• The study involved the evaluation of 160 subjects measuring unconscious arousal through electrodermal activity (EDA) and conscious arousal through a self-reported scale. The EDA assessed the “autonomic changes in the electrical properties of the skin. EDA, above measuring arousal in the instant in which the individual feels it, distinguishes among the baseline emotions, states or moods (the tonic level) and the emotions induced by the stimulus (the phasic level).” The self-reported scale was developed by Mehrabian and Russell (1974). “The items used, listed in random order, were “excited-calm”, “stimulated-relaxed”, “aroused-unaroused”, “sluggish-frenzied”, “dulljittery” and “sleepy-wide awake”. The authors concluded that a strong unconscious arousal or emotional response to a product can cause a greater variability in the consumers’ attitude toward the product.

Exploring the Differences Between Conscious and Unconscious Goal Pursuit

  • This article was written by Juliano Laran, Professor of Marketing, University of Miami, Chris Janiszewski, the Russell Berrie Eminent Scholar Chair and Professor of Marketing, Warrington College of Business Administration, University of Florida, and Anthony Salerno, Assistant Professor of Marketing, Carl H. Lindner College of Business, University of Cincinnati. It was published in the Journal of Marketing Research in 2016.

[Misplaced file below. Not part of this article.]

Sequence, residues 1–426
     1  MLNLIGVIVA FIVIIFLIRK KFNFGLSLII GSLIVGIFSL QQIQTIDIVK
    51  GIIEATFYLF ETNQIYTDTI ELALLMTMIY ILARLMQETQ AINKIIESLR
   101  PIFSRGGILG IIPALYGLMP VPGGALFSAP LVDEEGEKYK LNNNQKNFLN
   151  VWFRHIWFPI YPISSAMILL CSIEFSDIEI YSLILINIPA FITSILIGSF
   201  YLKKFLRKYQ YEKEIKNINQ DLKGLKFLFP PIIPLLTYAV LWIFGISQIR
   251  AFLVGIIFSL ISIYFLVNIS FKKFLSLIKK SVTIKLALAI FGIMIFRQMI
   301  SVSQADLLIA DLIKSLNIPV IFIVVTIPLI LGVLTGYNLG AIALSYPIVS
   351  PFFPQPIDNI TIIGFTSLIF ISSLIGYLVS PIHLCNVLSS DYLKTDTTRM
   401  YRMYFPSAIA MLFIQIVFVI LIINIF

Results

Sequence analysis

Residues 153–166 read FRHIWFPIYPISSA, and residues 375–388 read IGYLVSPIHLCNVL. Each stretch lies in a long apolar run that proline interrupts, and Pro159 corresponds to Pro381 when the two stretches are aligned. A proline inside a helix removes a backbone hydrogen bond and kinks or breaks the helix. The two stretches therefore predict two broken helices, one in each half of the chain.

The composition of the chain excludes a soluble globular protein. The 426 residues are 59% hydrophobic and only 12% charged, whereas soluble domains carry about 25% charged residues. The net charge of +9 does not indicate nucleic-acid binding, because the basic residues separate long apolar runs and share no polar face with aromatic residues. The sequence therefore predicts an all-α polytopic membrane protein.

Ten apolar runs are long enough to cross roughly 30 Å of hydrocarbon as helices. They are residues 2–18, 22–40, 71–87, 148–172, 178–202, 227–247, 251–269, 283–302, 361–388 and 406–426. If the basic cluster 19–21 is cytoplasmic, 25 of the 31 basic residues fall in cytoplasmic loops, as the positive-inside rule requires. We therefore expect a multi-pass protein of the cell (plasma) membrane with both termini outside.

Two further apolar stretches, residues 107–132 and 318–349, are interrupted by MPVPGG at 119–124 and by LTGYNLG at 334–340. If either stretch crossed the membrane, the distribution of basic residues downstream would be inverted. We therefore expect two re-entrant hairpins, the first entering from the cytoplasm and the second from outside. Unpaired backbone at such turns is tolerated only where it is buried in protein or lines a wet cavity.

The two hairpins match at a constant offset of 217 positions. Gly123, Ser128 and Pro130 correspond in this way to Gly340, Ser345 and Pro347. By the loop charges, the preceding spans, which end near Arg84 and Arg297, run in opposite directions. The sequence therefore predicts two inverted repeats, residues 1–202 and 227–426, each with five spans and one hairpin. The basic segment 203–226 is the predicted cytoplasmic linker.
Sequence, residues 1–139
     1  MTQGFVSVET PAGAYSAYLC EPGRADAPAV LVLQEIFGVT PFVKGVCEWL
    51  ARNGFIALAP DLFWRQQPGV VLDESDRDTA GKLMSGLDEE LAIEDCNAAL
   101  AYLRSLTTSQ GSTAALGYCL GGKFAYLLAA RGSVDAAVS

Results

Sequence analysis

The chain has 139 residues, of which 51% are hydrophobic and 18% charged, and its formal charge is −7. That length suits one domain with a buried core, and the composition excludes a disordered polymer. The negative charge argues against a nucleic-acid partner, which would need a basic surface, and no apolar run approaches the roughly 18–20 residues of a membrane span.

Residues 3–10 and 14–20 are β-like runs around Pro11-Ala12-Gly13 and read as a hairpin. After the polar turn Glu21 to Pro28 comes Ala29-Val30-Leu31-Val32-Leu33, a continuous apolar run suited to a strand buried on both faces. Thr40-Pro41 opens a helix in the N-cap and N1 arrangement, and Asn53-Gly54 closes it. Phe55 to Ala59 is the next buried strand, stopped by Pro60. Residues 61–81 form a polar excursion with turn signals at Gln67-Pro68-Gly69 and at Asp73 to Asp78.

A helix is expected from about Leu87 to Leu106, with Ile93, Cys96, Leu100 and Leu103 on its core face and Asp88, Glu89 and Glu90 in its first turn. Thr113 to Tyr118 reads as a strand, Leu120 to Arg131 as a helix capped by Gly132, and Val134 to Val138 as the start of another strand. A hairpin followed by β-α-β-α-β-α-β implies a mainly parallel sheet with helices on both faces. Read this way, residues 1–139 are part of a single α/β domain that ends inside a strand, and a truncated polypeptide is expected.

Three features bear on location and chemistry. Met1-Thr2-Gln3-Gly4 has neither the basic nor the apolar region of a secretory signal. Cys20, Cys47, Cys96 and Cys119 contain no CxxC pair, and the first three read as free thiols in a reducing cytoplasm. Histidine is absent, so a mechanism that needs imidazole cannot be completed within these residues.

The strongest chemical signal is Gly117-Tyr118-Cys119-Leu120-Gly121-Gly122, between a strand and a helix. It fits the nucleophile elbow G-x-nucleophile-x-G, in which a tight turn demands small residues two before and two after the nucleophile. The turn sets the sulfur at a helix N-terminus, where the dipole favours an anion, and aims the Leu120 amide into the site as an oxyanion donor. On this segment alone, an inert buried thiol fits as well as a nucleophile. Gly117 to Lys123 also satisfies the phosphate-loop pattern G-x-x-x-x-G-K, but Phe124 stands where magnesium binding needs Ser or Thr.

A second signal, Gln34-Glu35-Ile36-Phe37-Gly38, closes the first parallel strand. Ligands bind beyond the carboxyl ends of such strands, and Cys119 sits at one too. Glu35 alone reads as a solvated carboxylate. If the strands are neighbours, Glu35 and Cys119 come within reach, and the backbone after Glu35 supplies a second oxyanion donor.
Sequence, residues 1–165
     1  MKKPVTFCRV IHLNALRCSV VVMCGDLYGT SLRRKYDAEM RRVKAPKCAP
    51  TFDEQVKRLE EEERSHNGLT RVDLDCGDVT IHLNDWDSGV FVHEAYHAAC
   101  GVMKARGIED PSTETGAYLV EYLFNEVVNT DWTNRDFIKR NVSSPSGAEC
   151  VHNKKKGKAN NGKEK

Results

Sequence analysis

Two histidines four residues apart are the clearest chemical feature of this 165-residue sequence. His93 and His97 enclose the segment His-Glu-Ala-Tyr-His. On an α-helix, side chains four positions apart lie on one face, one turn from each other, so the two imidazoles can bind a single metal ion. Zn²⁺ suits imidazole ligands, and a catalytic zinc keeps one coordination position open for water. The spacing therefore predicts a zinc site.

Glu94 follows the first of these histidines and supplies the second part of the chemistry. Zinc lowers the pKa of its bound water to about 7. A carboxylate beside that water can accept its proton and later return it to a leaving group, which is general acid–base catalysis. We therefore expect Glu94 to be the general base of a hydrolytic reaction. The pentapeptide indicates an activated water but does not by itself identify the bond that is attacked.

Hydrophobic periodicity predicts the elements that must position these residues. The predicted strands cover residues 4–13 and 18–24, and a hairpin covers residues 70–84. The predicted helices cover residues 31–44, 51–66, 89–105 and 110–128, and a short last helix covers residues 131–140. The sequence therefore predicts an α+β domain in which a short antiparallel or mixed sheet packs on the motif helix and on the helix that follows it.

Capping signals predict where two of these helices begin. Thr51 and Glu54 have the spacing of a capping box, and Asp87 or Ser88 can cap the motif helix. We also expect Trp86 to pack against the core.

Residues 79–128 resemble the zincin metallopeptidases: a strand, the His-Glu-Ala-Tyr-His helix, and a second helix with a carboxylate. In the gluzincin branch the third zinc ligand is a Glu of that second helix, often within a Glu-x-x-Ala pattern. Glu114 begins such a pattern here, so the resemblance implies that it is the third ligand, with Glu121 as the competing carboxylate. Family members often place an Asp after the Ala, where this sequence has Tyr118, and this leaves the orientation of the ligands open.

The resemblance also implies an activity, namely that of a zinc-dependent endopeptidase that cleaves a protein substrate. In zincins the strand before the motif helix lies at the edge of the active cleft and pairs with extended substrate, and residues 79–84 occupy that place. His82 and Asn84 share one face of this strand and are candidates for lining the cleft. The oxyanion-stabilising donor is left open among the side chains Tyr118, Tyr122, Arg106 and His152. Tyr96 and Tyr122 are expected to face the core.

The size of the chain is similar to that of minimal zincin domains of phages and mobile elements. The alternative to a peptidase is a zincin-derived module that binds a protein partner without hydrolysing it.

• The study assessed the impact of both the conscious and unconscious goal system on consumer choices. It concluded that “the unconscious goal system does seem to be smart. It is capable of finding alternatives associated with a goal, inhibiting the selection of alternatives that are not associated with the goal, and quickly making a decision that supports goal pursuit. It also faces challenges because it is not efficient in differentiating alternatives of generally high utility given the goal.” Therefore, marketers should consider both conscious and unconscious decision influences when developing brand strategies.